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Shanghai-style math lessons for teenagers gains support in Britain

By Wang Mingjie in London | China Daily | Updated: 2019-12-09 07:47
Students at a math class together with visiting British teachers at the Shanghai Experimental School on Nov 11. [Photo/Xinhua]

Top scores made by Chinese teenagers in a recent global academic test indicate the British government has made a good move by importing the Shanghai-style math mastery method into English schools over the last five years.

In the latest Program for International Student Assessment, commonly known as PISA, run by the Organization for Economic Cooperation and Development, 15-year-old students from Beijing, Shanghai, Jiangsu and Zhejiang, outperformed their peers from the other 78 participating education systems in mathematics and science by a wide margin. In reading comprehension scores, only Singapore came close.

In fact, 10 percent of the most disadvantaged students in these four regions of China-that have a combined population of about 180 million-showed better reading skills than those of the average student in all the countries of the Organization for Economic Cooperation and Development, or OECD, and performed on a par with 10 percent most advantaged students in some of them.

Chinese mainland students first took part in the tests in 2009, when students from Shanghai ranked top, and the city also claimed the top spot again in the 2012 PISA test, when students from the United Kingdom ranked 26 in math.

The PISA rankings triggered global interest in Chinese methods, and as a result Britain increased exchanges with Chinese teachers and schools to find out how to improve quality.

Nearly 600 teachers, from both England and China, mainly from primary schools, have engaged in the exchange since 2014, and approximately 5,000 of Britain's 16,000 primary schools have adopted the Shanghai math teaching method.

Experts have said Shanghai's continuous good results in math have underlined the value of understanding what lies behind China's success and seeing what is applicable in other contexts.

David Johnson, a reader of comparative and international education at the University of Oxford, said: "Any example of success, good performance elsewhere, is something any country should look seriously at.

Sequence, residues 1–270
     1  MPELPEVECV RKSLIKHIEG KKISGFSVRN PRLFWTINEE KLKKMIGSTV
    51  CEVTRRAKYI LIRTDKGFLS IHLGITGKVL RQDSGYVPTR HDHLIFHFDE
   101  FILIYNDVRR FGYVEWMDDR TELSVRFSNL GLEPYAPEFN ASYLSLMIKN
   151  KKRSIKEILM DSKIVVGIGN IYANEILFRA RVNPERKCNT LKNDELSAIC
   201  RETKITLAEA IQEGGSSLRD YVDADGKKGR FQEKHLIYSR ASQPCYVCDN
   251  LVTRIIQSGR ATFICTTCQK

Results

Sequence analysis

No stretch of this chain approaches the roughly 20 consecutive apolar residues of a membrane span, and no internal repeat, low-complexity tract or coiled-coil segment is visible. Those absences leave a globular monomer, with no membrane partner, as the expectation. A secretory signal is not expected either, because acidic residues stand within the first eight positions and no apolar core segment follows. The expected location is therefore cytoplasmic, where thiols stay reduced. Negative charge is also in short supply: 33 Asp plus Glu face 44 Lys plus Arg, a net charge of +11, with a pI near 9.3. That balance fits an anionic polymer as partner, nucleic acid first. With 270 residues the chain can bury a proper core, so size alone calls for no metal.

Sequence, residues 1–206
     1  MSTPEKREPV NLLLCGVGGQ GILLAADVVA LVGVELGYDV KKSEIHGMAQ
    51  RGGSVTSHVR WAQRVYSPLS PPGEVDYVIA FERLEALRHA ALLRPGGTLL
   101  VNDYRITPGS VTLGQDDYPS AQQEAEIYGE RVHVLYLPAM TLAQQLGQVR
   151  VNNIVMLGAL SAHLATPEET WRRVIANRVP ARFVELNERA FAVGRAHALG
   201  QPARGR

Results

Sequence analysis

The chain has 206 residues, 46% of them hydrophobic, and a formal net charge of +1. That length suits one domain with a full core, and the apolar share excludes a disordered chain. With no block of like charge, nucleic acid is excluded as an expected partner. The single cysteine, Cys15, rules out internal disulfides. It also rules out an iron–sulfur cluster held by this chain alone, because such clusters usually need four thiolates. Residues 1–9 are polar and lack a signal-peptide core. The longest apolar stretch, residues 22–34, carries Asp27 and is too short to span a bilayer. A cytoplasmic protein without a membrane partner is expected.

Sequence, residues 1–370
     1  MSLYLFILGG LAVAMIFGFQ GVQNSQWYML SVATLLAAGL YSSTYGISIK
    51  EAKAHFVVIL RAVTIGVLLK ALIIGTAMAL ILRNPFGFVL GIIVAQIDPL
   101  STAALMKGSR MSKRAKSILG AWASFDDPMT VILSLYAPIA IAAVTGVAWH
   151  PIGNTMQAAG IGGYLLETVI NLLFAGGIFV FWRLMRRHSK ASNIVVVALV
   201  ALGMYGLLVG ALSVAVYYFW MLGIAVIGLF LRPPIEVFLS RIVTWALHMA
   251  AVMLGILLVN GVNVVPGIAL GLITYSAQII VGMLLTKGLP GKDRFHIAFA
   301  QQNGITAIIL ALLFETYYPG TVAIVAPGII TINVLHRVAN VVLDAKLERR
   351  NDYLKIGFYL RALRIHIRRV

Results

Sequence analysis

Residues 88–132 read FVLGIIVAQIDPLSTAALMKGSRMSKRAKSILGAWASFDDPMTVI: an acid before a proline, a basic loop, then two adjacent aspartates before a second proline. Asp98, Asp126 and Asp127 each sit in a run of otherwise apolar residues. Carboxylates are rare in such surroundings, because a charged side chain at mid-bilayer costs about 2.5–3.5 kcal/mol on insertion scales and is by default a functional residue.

"It is a justifiable reason to look at China very seriously in terms of how it performs in mathematics and that was the absolute right thing to do," he said.

Mark Boylan, professor of education at Sheffield Hallam University, said: "Chinese success in PISA 2009 and 2012 led the English Department for Education to develop a teacher exchange program to learn from and adopt mathematics teaching methods from Shanghai.

"The ongoing success in PISA 2018 is likely to encourage policy makers in England to continue and enhance the links with China," said Boylan, who led the evaluation of the Mathematics Teacher Exchange. "This approach has now spread beyond mathematics to literacy. Chinese success in the PISA reading tests may further encourage these developments."

The assessment is carried out every three years and involves more than 500,000 students across the world taking two-hour tests.

In the latest 2018 PISA test, students from the four regions in China scored an average of 591 points in math, more than 100 points higher than OECD average, whereas the British students obtained an average score of 502, jumping from 27th three years ago to 18th in the international ranking for math.

While welcoming the PISA result, the National Centre for Excellence in the Teaching of Mathematics, said: "It is too early to draw any direct link between the results and the changes to maths teaching in English schools."

Johnson said, although a strong correlation between the Shanghai exchange program and the improved performance of the English students cannot necessarily be drawn, "it does look like, at least on the face of it, that the teachers who have participated are reasonably comfortable and happy to continue to use the methods".

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